HomeNewsTalks to end Lonmin strike begin

Talks to end Lonmin strike begin

Mineworkers gather
while on strike near
the scene last week’s
Rustenburg, South Africa — 30 August 2012 – Managers, unions and workers at Lonmin’s  Marikana platinum mine have started talks with South African government mediators as thousands of miners continued a strike that has sparked violence which left 44 dead.

Fin24 reports that around 50 people from various delegations filled the town hall here, near the North West province mine, for the first all-encompassing talks on the strike.

Meanwhile only 7.7% of the mine’s 28 000 employees showed up for work yesterday, similar to the low turnout of 8% on Tuesday.

The situation on the ground was “still peaceful,” said Lonmin spokeswoman Sue Vey. “I don’t expect everyone to work today.”

Police opened fire on striking workers at the mine on 16 August, killing 34, after an escalating stand-off between rival unions that had already killed 10 people, including two police officers.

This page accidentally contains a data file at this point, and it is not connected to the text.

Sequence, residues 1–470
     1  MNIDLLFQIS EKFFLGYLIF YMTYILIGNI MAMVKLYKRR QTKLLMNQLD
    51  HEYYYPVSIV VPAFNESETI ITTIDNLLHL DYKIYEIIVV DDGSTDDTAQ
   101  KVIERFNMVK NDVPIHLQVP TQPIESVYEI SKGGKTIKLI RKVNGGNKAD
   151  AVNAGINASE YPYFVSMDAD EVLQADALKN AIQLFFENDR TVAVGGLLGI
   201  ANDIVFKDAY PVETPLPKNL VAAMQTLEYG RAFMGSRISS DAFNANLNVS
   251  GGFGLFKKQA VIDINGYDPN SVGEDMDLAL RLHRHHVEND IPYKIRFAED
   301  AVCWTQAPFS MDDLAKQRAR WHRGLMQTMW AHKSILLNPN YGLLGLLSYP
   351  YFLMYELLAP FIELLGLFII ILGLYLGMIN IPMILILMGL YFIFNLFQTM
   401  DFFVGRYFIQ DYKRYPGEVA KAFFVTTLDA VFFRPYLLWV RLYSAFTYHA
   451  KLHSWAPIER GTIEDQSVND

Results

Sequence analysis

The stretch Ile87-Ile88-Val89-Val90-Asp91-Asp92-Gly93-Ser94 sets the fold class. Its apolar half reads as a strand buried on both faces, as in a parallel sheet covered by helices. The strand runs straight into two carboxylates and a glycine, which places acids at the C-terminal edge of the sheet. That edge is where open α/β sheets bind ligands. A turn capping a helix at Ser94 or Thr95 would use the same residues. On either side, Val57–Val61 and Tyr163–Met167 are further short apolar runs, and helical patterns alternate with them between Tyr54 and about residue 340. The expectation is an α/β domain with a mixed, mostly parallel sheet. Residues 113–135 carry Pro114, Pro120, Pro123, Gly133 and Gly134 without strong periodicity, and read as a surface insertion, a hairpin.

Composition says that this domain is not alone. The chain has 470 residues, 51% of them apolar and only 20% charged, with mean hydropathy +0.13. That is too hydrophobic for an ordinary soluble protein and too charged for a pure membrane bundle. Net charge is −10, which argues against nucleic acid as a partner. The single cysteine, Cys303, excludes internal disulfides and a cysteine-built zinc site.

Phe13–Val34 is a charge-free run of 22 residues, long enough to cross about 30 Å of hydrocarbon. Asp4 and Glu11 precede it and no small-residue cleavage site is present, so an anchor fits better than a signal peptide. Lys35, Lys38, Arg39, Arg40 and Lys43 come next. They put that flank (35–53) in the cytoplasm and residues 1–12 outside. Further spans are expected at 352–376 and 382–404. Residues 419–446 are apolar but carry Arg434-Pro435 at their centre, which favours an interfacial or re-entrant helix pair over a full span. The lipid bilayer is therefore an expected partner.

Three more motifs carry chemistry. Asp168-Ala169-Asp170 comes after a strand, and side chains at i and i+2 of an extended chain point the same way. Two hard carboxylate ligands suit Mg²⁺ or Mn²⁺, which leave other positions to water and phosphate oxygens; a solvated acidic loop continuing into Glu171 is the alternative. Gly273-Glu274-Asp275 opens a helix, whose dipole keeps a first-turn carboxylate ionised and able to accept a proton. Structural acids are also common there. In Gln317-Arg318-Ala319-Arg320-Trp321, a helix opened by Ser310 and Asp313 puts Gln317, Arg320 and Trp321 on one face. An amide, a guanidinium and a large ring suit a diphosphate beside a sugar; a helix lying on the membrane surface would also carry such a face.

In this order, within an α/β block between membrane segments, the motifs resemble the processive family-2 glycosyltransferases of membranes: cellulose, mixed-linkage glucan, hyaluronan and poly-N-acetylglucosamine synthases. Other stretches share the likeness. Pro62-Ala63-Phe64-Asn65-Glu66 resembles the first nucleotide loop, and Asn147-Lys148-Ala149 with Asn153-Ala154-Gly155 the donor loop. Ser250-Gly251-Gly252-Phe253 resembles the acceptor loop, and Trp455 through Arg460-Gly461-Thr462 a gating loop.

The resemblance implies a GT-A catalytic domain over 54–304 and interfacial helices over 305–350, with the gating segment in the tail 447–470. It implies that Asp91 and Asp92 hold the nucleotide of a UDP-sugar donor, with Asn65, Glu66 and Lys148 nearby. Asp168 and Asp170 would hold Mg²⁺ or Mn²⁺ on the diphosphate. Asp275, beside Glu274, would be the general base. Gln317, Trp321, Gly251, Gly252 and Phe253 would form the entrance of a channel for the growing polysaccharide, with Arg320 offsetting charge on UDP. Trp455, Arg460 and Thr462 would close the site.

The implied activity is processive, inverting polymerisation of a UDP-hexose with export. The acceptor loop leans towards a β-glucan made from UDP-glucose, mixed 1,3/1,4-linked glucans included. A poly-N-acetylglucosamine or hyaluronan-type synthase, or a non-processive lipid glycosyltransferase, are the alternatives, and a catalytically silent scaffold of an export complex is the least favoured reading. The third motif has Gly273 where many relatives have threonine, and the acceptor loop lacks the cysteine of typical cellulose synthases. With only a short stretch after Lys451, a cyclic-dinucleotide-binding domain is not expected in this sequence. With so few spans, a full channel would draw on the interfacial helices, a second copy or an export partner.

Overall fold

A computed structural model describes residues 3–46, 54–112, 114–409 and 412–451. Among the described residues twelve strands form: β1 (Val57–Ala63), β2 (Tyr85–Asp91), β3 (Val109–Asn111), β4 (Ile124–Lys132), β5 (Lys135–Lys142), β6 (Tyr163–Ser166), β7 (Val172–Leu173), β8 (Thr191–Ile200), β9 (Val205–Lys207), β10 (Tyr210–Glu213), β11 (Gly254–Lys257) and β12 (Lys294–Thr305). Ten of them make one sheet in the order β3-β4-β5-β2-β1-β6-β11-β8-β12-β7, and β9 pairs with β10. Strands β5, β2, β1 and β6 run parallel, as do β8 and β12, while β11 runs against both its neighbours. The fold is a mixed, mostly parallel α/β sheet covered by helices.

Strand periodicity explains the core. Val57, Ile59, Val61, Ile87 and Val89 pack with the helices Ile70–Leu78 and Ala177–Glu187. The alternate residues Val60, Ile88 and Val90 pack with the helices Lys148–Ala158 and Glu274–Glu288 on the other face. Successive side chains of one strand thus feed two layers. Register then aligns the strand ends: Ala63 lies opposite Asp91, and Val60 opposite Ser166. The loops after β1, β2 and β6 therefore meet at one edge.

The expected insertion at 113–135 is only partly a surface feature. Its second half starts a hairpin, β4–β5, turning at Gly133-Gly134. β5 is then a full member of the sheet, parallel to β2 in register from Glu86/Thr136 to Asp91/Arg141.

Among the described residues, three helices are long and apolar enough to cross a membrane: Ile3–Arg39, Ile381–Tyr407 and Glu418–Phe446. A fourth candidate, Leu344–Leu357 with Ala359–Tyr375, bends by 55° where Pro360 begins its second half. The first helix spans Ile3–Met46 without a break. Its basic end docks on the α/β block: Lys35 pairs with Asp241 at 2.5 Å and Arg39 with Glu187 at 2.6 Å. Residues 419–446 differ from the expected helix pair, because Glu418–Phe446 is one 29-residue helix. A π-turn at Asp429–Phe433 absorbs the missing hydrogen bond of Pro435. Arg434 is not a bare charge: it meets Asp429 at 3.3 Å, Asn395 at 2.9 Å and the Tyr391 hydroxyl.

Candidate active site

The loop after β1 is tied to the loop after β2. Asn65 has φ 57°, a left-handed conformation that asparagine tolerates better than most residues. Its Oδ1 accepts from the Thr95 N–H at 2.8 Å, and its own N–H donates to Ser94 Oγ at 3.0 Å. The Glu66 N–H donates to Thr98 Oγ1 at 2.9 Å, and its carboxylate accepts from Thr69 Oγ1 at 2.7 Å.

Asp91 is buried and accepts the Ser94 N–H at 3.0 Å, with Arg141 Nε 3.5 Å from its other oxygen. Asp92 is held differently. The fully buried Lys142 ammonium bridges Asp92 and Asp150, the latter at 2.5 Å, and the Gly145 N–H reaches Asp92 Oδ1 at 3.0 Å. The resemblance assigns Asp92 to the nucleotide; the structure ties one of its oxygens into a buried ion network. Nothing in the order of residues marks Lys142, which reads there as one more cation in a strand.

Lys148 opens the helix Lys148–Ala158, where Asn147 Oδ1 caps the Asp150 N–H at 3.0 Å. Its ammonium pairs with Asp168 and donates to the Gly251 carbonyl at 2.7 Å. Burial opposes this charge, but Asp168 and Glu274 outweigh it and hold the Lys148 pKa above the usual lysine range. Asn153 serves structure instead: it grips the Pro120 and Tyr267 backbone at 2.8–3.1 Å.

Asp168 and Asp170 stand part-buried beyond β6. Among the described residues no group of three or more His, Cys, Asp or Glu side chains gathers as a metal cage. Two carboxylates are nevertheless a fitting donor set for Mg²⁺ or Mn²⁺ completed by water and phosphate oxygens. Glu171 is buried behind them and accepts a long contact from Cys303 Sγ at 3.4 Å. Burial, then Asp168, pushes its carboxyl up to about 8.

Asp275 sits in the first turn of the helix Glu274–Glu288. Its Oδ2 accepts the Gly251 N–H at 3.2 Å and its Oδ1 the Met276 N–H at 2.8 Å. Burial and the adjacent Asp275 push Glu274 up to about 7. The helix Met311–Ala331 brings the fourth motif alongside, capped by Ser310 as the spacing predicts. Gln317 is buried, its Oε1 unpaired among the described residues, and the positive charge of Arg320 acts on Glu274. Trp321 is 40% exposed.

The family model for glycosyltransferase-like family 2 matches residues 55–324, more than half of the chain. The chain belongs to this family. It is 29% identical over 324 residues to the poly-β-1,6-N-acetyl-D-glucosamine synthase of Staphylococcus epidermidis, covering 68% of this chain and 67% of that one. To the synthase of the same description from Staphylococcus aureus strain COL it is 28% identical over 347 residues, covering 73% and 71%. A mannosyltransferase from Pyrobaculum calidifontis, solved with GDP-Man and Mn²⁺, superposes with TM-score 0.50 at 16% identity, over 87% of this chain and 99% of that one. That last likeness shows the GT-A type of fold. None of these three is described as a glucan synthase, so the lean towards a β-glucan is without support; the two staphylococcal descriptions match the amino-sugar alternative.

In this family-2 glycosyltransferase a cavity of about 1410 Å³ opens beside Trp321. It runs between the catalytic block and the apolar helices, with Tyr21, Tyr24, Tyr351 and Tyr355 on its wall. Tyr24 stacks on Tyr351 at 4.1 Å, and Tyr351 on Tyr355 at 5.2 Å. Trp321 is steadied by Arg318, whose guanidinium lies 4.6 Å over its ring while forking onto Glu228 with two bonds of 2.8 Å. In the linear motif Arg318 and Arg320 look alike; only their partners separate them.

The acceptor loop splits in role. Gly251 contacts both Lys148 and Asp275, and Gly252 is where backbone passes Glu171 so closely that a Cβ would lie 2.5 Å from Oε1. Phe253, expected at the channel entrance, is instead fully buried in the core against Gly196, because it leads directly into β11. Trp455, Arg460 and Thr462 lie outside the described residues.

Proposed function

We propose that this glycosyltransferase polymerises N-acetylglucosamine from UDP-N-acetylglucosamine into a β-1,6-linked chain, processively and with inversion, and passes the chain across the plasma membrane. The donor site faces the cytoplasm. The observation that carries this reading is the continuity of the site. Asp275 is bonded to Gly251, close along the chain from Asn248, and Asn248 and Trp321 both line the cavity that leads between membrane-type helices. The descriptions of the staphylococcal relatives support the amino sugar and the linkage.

The incident was the worst day of police violence in South Africa since the end of white-minority apartheid rule in 1994.

The parties are describing yesterday’s talks as a bid to reach a peace accord to stop the unrest at the mine and pave the way for negotiations to end the strike that began on 10 August.

Vey said the closed-door meetings were a “first step and an instrument to move together.
Everyone wants it to be a success,” she added.

“I’m very optimistic because this is the first time that all the parties are meeting. We are positive,” said mediator Bishop Jo Seoka from the South African Council of Churches before entering the venue.

Workers, who claim they earn R4 000 a month, are demanding a raise to R12 500. Lonmin, the world’s number three platinum producer, says the workers already earn around 10 000 rand when bonuses and other compensation are included.

Lonmin said wage discussions would not be on the agenda yesterday.

“At the end of the day it’s all about public order. We cannot discuss wages when people are intimidated. It’s all a matter of it has to go back to normality before anything can be discussed,” said company spokeswoman Vey.

Source: Fin24. For more information, click here.